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United States Patent 5,100,624
Dougherty March 31, 1992

Apparatus for determining the stability of a peroxygen

Abstract

An apparatus and a method is provided for measuring the rate of flow of gas from a sample of a peroxygen, such as, hydrogen peroxide, thereby indicating the stability of the peroxygen. The invention overcomes the disadvantages of the prior methods which are less precise and have a long time delay.


Inventors: Dougherty; Edward F. (League City, TX)
Assignee: FMC Corporation (Philadelphia, PA)
Appl. No.: 532777
Filed: June 4, 1990

Current U.S. Class: 422/68.1; 73/19.04; 422/78; 422/80; 436/34; 436/135
Intern'l Class: G01N 007/14; G01N 011/06
Field of Search: 422/68.1,78,80 436/34,135,148,127 73/19.04


References Cited
U.S. Patent Documents
2619408Apr., 1950Mengel23/230.
3150516Sep., 1961Linnenbom et al.73/19.
3400585Jul., 1965Kraus et al.73/194.
3578404Dec., 1967Walles et al.23/230.
3589172Jun., 1971Bowman73/25.
3681022Aug., 1972Kibbel et al.23/207.
4050896Sep., 1977Raffel et al.23/230.
4304120Dec., 1981Myers et al.73/19.
4444041Apr., 1984Zison73/19.
4515008May., 1985Matsushita et al.73/53.
4585622Apr., 1986Bowe et al.422/50.
4680271Jul., 1987Williams436/55.


Other References

Roth et al., "Stability of Pure Hydrogen Peroxide," Ind. & Eng. Chem., 45,10, pp. 2343-2349, Oct. 1953.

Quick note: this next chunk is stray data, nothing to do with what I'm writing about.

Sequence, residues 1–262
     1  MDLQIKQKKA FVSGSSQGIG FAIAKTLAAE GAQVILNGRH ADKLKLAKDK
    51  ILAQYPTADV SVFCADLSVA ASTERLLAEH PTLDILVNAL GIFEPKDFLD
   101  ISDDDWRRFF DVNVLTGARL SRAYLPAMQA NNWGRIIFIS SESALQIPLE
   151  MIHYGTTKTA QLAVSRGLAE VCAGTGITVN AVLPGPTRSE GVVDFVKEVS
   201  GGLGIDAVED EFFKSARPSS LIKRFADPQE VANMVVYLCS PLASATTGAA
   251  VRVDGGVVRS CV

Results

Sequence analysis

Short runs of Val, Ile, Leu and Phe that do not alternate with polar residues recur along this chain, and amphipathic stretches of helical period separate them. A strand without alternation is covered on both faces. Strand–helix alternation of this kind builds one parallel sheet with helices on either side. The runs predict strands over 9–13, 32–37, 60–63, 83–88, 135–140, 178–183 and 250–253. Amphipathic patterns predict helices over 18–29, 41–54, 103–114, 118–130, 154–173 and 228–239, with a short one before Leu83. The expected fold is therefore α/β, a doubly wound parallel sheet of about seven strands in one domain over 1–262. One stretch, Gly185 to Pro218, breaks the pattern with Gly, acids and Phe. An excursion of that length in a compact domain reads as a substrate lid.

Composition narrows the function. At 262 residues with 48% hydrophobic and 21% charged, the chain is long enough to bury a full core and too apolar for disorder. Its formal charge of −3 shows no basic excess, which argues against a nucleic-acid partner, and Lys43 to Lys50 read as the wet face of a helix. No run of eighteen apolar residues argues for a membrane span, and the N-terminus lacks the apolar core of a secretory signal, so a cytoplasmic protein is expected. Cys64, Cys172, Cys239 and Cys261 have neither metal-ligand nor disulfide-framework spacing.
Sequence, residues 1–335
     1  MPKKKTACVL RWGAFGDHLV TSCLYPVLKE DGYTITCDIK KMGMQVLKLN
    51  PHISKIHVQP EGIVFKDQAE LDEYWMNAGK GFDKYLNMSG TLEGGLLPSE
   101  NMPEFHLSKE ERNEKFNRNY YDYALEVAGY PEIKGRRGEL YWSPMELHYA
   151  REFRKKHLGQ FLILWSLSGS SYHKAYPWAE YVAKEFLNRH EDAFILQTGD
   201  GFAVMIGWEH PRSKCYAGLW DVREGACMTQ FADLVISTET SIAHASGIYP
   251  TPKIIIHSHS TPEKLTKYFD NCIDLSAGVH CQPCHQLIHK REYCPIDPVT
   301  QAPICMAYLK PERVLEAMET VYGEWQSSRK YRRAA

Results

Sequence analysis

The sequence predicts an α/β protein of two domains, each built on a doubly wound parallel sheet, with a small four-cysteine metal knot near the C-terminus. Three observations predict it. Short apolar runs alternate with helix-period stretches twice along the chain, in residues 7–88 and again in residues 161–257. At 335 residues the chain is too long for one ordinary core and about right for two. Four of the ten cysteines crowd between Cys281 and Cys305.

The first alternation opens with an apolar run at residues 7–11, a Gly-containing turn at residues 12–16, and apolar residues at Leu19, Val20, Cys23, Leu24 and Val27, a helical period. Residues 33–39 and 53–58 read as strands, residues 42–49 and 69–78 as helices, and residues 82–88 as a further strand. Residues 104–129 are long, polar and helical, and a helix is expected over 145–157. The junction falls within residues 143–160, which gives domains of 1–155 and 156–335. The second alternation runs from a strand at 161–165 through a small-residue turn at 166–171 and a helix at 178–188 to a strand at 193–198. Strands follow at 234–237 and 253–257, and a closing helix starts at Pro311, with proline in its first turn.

Primary Examiner: Lacey; David L.
Assistant Examiner: Redding; David
Attorney, Agent or Firm: Elden; R. E., Baker; P. C., Andersen; R. L.

Claims



I claim:

1. Apparatus for determining the stability of a peroxygen consisting essentially of:

(a) a sample receiving means constructed so as to receive and confine a sample of a peroxygen;

(b) a gas flow sensor;

(c) conduit means for directing gas from said sample receiving means to the gas flow sensor;

(d) means for maintaining the peroxygen sample in the sample receiving means at a predetermined temperature below the boiling point of the sample of peroxygen;

(e) timing means;

(f) intelligence processing means;

(g) means to direct output from at least one gas flow sensor to the intelligence processing means;

(h) means to direct output from the timing means to the intelligence processing means, whereby the processing means calculates a zero order stability value of the peroxygen sample; and

(i) means to record the zero order stability value output from the intelligence processing means.